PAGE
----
The truth though, dear one, is that Jesus gave you His identity. No matter WHAT your identity was before, once you accept Christ, you are a new creation, and your identity is in Him. The trick is walking by faith in that truth, and holding God's word about who you are up as the only truth. God's voice and scripture are the only ways to refute the lies that the enemy uses to condemn you. And in order to recognize the lies, you have to tune into God. Pray without ceasing. Repent. Read your bible and study the scriptures and write them on the tablet of your heart, so you can recognize the voices and thoughts that don't line up with them and refute them.. Arm yourself for spiritual warfare- for identity crises that tell you you aren't who God says you are- because I promise you that they will come. 

The beautiful thing is, that even when you DO mess up, even if you relapse, when you make a horrible mistake, when you sin, when you act in an ungodly manner- when you repent and turn back to God- you are STILL His, no matter what you've done. His grace is enough for anything. Your identity is still in Him. Even if those needle marks on my arms would have been from heroin, Jesus still would have loved me. He still would have forgiven me.  The enemy doesn't want you to know that. He wants you to believe that if you fall, or fail, or sin, that you are a hypocrite. He will remind you of all of the horrible things you have done and try to convince you that Jesus wouldn't want anything to do with someone like that- and that if you were REALLY saved, it wouldn't have happened, and God doesn't love you.

The truth, though, is that Jesus came for the sole purpose of saving sinners. He came just for the purpose of saving people who screw up. People who sin. Drug addicts that relapse. Not perfect people, but people who need to be forgiven. It is all throughout scripture. Any voice that tells you anything else is lying, and satan is the father of all lies. 

Who you were- no matter WHAT you were- before God, does not define who you are now in Christ. Never forget that, no matter who or what tries to tell you otherwise.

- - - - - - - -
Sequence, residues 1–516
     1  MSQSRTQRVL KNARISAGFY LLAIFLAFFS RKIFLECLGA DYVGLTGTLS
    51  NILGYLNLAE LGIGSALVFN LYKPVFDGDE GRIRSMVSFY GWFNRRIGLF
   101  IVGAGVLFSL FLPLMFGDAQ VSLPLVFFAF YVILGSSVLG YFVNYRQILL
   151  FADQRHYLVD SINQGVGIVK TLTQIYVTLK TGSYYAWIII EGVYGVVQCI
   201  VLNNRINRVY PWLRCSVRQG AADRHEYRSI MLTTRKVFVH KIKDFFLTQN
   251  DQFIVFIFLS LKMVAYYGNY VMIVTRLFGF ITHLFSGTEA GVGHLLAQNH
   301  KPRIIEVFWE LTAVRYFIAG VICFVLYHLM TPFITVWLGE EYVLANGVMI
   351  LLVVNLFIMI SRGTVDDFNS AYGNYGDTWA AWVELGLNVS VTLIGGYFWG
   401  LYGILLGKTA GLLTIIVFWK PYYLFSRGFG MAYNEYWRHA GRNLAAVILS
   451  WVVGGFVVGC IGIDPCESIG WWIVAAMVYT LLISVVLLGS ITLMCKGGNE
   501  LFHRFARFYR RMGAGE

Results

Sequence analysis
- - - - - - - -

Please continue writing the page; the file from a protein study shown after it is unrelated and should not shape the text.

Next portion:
Do you really know who you are? Where are you getting your identity from? Whose voice are you listening to? 

Listen to Jesus, and walk boldly in your identity in Him, because His voice is the only one that matters. 

"The Lord redeems the life of his servants; none of those who take refuge in him will be condemned." - Psalms 34:22

"If we confess our sins, he is faithful and just to forgive us our sins and to cleanse us from all unrighteousness." - 1 John 1:9

"Therefore, if anyone is in Christ, he is a new creation. The old has passed away; behold, the new has come." - 2 Corinthians 5:17

Tuesday, August 9, 2016

The storms of life prove the strength of our anchor.

    The storms of life prove the strength of our anchor.

Trust in the LORD with all your heart, and do not lean on your own understanding. In all your ways acknowledge him, and he will make straight your paths.
                                                     Proverbs 3:5,6 

The past few months, our lives have been filled with storms- and I'm not talking tiny ones. Not "my kid spilled juice on my new carpet", "I'm fighting with my best friend", "we are tight on money this month" kind of storms. I'm talking earthshaking storms, the kind that change your entire life. The kind that will either force you to panic and lose all faith, or make you cling to your belief that God will get you through the other side of the storm. 

We lost our home.

While we were camping with our CROSSroads group at LifeFest (a huge 3 day Christian concert in Osh Kosh), we got a call telling us that our apartment had flooded. The tenant above us broke a pipe, and water drained down into our apartment for over an hour, and the damage was so bad that we would have to move out for them to be able to fix it. 

Now, as a woman, your home is a safety net. It's where a lot of our stability comes from, and the place we offer stability to our children and spouses. To have it pulled out from under you with no warning leaves you in a state of panic that I can't even put into words.

The home we had spent years building, caring for, and making memories in was just suddenly gone.

We had to do an emergency move- and thanks to some great friends, it got done pretty fast. Thankfully, NONE of our stuff was ruined or even wet- only the walls in the apartment were damaged. We were put in a temporary upstairs apartment in the same complex, but told we would need to find somewhere else to live. We were basically homeless- technically having somewhere to stay for awhile, but not able to have a home, and living out of boxes with most of our stuff stored in the garage because we knew we were just going to have to move again.